Then there are the skyrocketing healthcare costs that are attributable in large part to the increase in human consumption of meat, eggs and dairy products. Loaded with artery-clogging cholesterol and saturated fat, these products have been linked to cancer, heart attacks, strokes, diabetes and obesity. These top killers burden the National Health Service and necessitate that billions of pounds be spent searching for cures and medications to relieve disease symptoms. They also claim a huge number of lives.

Aside from their environmental and health impacts, the meat, dairy and egg industries cause immense suffering to more than a billion animals every year in the UK alone, most of whom spend their entire lives crammed inside dark, filthy sheds. They don't get to breathe fresh air until they are on their way to the abattoir, where many have their throats slit while they are still conscious.

"Lasting global prosperity" can be attained only through sustainable growth – otherwise, we will simply compound current environmental and economic problems. World leaders at the G8 Summit must take into account the devastating impact of animal agriculture in order to encourage global food changes that will be the catalyst for such growth.

The UN reports that the meat industry is "one of the top two or three most significant contributors to the most serious environmental problems". Photograph: Getty Images.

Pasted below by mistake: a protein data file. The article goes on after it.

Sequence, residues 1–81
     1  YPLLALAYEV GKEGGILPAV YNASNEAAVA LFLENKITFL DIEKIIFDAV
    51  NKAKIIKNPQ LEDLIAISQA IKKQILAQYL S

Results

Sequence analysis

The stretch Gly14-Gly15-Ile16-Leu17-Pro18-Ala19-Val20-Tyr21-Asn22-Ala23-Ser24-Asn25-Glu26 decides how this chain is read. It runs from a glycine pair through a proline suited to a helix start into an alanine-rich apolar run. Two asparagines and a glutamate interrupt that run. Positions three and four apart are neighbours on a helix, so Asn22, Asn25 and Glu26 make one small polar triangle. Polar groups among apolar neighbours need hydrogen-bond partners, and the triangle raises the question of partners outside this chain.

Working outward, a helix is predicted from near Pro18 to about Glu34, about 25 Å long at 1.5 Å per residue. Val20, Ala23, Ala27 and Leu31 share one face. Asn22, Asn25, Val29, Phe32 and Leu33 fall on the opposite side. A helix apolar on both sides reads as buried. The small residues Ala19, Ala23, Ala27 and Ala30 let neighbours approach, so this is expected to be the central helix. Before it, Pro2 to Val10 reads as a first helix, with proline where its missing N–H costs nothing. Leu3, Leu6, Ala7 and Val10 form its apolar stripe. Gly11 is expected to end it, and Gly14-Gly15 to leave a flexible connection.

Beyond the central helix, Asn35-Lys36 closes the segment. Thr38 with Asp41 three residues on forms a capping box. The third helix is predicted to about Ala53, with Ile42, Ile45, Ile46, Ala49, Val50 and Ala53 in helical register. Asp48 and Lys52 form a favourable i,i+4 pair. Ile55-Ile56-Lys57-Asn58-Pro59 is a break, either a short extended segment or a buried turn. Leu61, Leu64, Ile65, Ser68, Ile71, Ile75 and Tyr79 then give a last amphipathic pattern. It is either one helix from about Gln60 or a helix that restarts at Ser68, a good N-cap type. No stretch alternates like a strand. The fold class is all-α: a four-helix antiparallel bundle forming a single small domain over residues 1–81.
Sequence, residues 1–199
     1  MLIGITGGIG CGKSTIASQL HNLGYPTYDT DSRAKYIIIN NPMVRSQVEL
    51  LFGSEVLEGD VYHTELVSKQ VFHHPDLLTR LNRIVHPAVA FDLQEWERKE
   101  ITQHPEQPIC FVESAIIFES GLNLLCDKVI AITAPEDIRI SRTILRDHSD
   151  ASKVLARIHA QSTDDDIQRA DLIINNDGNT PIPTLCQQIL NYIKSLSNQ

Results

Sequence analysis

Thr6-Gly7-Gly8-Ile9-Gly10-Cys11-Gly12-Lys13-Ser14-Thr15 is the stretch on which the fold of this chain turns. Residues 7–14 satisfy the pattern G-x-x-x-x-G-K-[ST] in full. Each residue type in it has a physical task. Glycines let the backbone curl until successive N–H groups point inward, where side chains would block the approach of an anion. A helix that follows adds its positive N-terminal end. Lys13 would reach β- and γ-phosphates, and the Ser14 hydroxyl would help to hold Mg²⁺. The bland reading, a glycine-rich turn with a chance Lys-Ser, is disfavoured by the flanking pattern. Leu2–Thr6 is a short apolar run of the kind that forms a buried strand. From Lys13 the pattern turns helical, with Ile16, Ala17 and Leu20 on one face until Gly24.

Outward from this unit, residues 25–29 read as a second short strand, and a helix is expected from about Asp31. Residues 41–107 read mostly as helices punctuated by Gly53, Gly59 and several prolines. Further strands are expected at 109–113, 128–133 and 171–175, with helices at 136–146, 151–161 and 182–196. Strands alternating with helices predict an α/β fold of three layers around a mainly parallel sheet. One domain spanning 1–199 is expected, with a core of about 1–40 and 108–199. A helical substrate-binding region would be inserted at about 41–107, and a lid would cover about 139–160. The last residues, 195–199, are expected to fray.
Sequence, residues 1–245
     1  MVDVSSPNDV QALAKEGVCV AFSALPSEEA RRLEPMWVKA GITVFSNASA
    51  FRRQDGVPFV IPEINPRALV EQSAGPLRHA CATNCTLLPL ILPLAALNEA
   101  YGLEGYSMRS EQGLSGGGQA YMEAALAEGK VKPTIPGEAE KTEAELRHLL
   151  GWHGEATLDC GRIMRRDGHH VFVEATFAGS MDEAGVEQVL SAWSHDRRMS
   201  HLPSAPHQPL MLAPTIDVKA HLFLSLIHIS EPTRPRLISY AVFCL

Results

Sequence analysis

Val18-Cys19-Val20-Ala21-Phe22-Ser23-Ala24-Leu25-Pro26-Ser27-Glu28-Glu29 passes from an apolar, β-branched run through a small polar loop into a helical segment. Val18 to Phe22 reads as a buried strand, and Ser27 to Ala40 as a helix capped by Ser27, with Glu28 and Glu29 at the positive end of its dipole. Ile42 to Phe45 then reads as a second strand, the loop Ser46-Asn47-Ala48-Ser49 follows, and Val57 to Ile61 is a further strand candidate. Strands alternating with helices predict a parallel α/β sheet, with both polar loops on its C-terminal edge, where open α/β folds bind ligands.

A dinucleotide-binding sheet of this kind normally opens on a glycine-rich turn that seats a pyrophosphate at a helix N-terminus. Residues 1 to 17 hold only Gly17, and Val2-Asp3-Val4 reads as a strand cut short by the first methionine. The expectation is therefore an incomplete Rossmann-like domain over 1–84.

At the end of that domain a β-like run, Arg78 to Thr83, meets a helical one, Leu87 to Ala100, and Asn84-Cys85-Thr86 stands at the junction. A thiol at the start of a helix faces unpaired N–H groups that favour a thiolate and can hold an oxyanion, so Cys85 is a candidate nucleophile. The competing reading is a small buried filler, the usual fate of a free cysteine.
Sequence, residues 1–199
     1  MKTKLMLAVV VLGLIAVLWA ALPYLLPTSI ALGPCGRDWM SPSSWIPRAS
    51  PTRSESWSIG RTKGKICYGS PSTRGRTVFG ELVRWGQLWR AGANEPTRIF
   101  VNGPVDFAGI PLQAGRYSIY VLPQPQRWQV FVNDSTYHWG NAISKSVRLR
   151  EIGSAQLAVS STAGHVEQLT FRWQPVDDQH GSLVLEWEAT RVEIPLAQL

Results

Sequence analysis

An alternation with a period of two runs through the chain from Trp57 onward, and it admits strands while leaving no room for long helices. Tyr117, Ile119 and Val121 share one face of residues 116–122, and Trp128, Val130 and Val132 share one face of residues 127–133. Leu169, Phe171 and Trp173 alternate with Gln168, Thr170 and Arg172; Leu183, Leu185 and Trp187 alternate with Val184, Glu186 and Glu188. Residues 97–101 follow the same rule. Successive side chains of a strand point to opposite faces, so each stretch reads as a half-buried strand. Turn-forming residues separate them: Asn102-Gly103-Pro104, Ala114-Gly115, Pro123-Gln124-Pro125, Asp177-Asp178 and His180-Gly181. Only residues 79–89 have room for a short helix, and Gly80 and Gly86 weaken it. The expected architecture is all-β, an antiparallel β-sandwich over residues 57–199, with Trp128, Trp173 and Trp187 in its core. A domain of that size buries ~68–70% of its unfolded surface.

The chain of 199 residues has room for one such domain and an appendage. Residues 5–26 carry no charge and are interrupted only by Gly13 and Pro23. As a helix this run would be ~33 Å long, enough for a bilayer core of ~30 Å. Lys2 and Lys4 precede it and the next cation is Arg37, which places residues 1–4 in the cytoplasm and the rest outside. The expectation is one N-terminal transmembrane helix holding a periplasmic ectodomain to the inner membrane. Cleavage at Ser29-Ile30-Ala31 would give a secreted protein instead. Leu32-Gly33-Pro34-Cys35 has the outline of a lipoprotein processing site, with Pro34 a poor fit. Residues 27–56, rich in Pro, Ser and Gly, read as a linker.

Kerry McCarthy is the Labour MP for Bristol East and the shadow foreign minister.

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Theresa May’s stage-managed election campaign keeps the public at bay

Jeremy Corbyn’s approach may be chaotic, but at least it’s more authentic.

The worst part about running an election campaign for a politician? Having to meet the general public. Those ordinary folk can be a tricky lot, with their lack of regard for being on-message, and their pesky real-life concerns.

But it looks like Theresa May has decided to avoid this inconvenience altogether during this snap general election campaign, as it turns out her visit to Leeds last night was so stage-managed that she barely had to face the public.

Accusations have been whizzing around online that at a campaign event at the Shine building in Leeds, the Prime Minister spoke to a room full of guests invited by the party, rather than local people or people who work in the building’s office space.

The Telegraph’s Chris Hope tweeted a picture of the room in which May was addressing her audience yesterday evening a little before 7pm. He pointed out that, being in Leeds, she was in “Labour territory”: